Monday, June 25, 2018


In 1919, the Naval Government of Guam was building a new road from Hagåtña to Yoña . As the road crew ascended the hill past the Pågo River, they came upon eight latte stones. Only three of them were still standing erect; five of them lay on the earth. Some of them stood in the way of the planned road. Finding the pillars too heavy to be moved, what do you think they decided to do?

Yes, that's right. Blow them up with dynamite! Five or more centuries old. Just blow them up.

The American foreman, a Mr. Bell, set off the first explosion. Seconds later, his sleeve was ripped by flying pieces of rock.

Bell's Chamorro assistants saw this and told him they'd have no more part in blowing up latte stones. If Bell wanted them removed, he'd have to blow them up himself. Those flying slivers of rock were enough to convince the Chamorro workers that Americans had no guarantee of being immune to the revenge of the spirits. The workers knew that latte stones meant both graves and homes, for traces of both were usually found where latte stones were found. "The owner of this house is angry with us," the Chamorro workers said, "and they will manage to kill us all."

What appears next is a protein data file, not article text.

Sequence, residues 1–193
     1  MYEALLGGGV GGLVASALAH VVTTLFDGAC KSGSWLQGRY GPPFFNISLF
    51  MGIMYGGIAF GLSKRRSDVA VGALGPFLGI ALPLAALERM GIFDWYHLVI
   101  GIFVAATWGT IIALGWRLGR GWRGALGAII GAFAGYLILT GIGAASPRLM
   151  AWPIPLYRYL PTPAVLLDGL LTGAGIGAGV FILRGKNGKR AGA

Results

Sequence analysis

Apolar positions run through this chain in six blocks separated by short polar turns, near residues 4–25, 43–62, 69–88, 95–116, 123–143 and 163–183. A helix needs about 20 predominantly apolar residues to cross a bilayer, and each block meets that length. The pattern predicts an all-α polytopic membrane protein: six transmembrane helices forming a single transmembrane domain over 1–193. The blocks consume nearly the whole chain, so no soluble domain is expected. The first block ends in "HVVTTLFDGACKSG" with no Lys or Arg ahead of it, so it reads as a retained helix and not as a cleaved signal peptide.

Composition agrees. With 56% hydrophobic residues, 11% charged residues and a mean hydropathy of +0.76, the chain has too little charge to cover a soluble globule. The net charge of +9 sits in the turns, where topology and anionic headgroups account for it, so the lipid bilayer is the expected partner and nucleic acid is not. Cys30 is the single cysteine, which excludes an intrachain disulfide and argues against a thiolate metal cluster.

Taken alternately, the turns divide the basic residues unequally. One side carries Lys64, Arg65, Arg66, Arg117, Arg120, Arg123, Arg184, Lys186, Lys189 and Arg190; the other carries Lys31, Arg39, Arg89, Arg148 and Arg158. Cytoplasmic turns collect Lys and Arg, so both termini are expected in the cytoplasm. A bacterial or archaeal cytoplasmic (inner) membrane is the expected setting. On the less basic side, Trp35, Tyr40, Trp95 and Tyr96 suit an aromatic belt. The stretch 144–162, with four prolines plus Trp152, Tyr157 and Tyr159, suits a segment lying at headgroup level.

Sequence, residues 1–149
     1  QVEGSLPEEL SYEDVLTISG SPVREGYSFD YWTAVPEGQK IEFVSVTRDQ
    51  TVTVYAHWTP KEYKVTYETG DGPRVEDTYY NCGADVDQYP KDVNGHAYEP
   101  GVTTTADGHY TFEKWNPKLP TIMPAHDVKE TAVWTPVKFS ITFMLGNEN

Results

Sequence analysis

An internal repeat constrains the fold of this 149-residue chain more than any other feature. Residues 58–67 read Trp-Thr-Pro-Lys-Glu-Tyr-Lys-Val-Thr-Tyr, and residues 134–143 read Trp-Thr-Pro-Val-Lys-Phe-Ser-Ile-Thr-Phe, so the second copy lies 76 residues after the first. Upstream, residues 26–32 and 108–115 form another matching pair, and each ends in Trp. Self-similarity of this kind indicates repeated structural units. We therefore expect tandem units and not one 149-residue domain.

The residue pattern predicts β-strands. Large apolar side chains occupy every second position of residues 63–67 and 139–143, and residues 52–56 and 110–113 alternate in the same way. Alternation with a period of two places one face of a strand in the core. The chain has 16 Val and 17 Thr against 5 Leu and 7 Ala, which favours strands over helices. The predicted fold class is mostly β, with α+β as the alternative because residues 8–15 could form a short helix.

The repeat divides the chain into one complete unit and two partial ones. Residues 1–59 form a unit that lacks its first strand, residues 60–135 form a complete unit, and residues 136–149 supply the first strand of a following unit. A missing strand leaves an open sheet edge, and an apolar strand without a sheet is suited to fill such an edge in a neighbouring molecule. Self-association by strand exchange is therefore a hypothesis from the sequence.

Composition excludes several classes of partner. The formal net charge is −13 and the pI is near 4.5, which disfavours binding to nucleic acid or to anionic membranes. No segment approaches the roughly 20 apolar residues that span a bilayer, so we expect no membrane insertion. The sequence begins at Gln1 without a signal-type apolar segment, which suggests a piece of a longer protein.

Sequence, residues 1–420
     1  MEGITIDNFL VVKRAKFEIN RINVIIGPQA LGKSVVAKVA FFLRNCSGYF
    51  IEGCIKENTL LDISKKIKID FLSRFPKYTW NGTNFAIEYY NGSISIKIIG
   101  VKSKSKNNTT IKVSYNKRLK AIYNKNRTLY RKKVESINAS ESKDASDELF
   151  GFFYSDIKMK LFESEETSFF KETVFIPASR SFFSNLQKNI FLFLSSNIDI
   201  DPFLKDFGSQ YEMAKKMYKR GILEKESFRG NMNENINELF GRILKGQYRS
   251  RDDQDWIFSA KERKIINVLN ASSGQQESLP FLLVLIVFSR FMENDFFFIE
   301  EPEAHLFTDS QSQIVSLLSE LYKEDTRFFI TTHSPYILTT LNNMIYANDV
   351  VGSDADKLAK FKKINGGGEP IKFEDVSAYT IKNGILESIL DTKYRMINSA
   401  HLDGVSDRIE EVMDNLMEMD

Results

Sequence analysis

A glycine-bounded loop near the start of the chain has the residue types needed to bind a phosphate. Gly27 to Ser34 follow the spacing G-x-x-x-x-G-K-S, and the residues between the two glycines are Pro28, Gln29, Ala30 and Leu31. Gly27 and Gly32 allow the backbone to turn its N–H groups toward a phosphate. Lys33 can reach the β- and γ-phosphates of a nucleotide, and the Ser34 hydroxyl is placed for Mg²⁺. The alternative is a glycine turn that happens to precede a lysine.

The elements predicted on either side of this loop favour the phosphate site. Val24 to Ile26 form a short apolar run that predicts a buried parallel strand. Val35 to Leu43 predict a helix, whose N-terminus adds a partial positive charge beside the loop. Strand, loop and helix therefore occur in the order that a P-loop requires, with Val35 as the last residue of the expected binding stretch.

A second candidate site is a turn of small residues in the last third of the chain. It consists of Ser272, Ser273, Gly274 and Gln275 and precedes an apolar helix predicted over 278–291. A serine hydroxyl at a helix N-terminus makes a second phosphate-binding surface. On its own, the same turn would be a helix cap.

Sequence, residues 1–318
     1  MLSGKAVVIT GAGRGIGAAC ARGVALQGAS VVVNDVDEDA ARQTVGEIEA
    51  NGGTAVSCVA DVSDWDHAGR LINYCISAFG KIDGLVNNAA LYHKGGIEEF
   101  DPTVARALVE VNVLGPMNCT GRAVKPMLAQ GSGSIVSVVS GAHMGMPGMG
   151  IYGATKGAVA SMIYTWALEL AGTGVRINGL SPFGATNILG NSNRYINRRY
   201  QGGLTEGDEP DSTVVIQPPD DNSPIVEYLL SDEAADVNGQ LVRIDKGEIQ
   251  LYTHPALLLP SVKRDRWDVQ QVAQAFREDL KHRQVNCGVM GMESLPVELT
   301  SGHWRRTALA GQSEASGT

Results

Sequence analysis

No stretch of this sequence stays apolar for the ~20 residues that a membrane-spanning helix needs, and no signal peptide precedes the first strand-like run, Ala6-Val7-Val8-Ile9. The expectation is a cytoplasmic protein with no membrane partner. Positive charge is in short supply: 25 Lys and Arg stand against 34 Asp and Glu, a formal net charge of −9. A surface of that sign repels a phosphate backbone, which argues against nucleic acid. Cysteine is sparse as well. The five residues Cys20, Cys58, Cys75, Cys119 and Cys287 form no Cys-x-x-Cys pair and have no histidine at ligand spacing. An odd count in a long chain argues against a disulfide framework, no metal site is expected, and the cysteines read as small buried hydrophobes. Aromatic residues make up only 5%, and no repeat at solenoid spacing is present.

The explosions and road work eventually revealed a gold mine of historic remains. Male and female skeletons in abundance, sling stones, potsherds, a broken pestle, a polishing stone, adzes and scrapers. The bodies had been buried face down, their feet pointing east. The biggest skull had a large rock on top of it. Why was it there?

I don't know what became of the standing latte stones, the bones and the artifacts. I'm not even sure of the exact location of the site. It would sure be nice to have those answers, so we could possibly go back and see how we can undo some of the damage done by dynamite and steamrollers.

Source : The Guam News Letter

1 comment:

  1. Those latte stones are still there, at the base of the cliff line below "Wittek" end of Yona. Mr. Vick April knows the site, having surveyed the area with John Salas while working for Guam Historic Preservation Office.